From Iceland — Battlefield 2

Battlefield 2

Published May 19, 2006

Battlefield 2

It may not be the newest release on the market, but Battlefield 2 is one seriously hot game and as more expansion packs are in the pipeline it’s set to continue to be one of the most popular online games out there. Essentially a follow up to the tremendously successful Battlefield: 1942 and Battlefield: Vietnam, Battlefield 2 is a modern combat simulation designed for co-operative online play. You pick a side, a map and a weapons class, and then you head out into an unpredictable and unscripted war zone full of equally ambitious and bloodthirsty armchair soldiers as yourself. Your mission, and you have no choice but to accept it: capture several strategic points on the map, each indicated by a flag and surrounded by angry enemy soldiers who want your flagpoints just as much.
What weapons class you choose can have a big impact on the way you play the game. In the original, unmodified game, there are seven: anti-tank, assault, engineer, medic, sniper, special ops and support. If you have a bazooka you are invaluable to your team when that APC or tank comes rumbling over the horizon, but your weedy little machinegun makes you a liability in a fire fight. Assault infantry are well armed but poorly armoured, the engineer and medics fix vehicles and people respectively, the sniper obviously snipes, special ops deliver powerful packs of C4 explosives and the support role basically means you carry around a lot of ammo and a ridiculously overpowered machinegun that hits nothing but scares the bejeezus out of everyone nearby. In addition, you can apply to be ‘Commander’ of your squad, which gives you option of using things like unmanned aerial vehicles, satellite scans and heavy artillery strikes for the benefit of the grunts on the front lines.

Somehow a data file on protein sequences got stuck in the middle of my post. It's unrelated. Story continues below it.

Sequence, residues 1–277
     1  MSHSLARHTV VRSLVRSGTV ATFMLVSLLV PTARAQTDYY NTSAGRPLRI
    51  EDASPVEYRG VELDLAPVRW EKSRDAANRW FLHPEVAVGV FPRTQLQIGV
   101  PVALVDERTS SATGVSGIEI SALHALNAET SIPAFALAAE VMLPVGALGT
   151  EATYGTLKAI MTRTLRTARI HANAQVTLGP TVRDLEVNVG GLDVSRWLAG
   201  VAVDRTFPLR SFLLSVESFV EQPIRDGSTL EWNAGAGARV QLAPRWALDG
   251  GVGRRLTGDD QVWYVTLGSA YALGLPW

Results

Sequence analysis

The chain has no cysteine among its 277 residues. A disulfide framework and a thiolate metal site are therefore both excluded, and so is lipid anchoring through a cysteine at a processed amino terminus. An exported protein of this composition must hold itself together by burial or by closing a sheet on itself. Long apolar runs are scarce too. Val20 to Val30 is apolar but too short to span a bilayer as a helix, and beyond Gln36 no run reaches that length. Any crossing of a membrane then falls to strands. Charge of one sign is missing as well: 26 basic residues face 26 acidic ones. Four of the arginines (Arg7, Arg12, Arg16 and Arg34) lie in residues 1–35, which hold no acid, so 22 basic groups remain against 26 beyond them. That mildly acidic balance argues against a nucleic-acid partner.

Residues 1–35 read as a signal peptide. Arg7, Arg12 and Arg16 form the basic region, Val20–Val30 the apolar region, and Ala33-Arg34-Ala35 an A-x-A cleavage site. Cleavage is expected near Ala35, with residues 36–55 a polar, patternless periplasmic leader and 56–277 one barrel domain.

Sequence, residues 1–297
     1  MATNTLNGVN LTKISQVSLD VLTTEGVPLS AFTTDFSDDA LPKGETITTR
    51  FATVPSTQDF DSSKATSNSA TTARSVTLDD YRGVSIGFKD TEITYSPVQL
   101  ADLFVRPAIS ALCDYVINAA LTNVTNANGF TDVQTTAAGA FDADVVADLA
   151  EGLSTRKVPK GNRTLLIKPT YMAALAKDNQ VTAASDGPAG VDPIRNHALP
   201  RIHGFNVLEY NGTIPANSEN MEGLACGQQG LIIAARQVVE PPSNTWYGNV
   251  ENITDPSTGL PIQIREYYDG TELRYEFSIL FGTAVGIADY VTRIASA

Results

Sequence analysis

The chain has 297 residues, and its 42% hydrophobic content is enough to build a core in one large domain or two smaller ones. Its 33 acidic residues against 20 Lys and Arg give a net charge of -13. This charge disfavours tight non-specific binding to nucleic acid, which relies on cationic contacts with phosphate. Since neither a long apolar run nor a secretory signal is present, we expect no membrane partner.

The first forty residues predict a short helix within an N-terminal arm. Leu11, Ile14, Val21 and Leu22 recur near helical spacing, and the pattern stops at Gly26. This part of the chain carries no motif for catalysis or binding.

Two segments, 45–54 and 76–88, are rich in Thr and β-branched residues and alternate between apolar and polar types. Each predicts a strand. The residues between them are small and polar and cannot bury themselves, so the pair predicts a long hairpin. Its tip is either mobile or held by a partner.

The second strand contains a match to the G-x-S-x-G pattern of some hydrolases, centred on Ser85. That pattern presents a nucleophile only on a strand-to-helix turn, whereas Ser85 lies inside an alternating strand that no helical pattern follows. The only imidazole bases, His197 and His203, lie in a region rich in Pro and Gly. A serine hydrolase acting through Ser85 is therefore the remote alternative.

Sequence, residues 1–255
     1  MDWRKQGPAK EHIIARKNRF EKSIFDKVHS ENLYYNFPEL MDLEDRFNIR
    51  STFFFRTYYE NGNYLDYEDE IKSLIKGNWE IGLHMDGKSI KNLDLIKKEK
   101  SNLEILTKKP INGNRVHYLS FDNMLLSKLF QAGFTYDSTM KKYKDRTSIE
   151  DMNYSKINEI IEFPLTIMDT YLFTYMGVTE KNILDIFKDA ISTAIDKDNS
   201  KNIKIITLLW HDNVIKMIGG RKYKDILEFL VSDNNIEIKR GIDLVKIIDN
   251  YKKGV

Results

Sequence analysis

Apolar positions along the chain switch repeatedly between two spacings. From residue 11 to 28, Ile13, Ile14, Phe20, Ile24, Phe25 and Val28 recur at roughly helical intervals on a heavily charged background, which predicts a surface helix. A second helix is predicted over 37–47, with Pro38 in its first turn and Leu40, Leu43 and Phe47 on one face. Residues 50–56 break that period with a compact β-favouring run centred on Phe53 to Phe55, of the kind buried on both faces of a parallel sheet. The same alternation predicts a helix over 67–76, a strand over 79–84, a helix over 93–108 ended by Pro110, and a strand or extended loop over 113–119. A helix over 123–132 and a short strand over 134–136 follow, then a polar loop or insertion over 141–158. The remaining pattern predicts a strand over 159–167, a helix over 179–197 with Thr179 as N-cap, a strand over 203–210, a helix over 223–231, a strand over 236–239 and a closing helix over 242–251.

Once you get to grips with the various classes and weapons available to you, your next step is probably going to be to play around with the military hardware that is liberally scattered throughout the playing areas. Anyone can jump into anything, be it an enemy helicopter or a friendly jeep, and attempt to raise some vehicular hell. Be warned, though, handling some of the more impressive machinery (particularly the aircraft) is trickier than waxing an angry tiger in heat – so chances are your early forays into military aviation will simply make you deeply unpopular amongst your team mates. Don’t worry, though, someone always has to be “that guy” who drops the 500 pound bomb on his team’s victory flag – just call it a tribute to the American Airforce.
In conclusion: if you used to play with toy soldiers and/or simply love the smell of napalm in the morning, Battlefield 2 is the online gaming experience for all your adrenaline junky needs. This isn’t Doom, so forget about running around dungeons at 50 miles per hour, shooting up supernatural entities and aliens with ray guns. Battlefield depicts modern combat, pure and unadulterated military pornography in every respect. And just like regular pornography, you don’t have to be pro-war to suspend your disbelief and revel in the fantasy of being there and doing that. Repeatedly. GHJ

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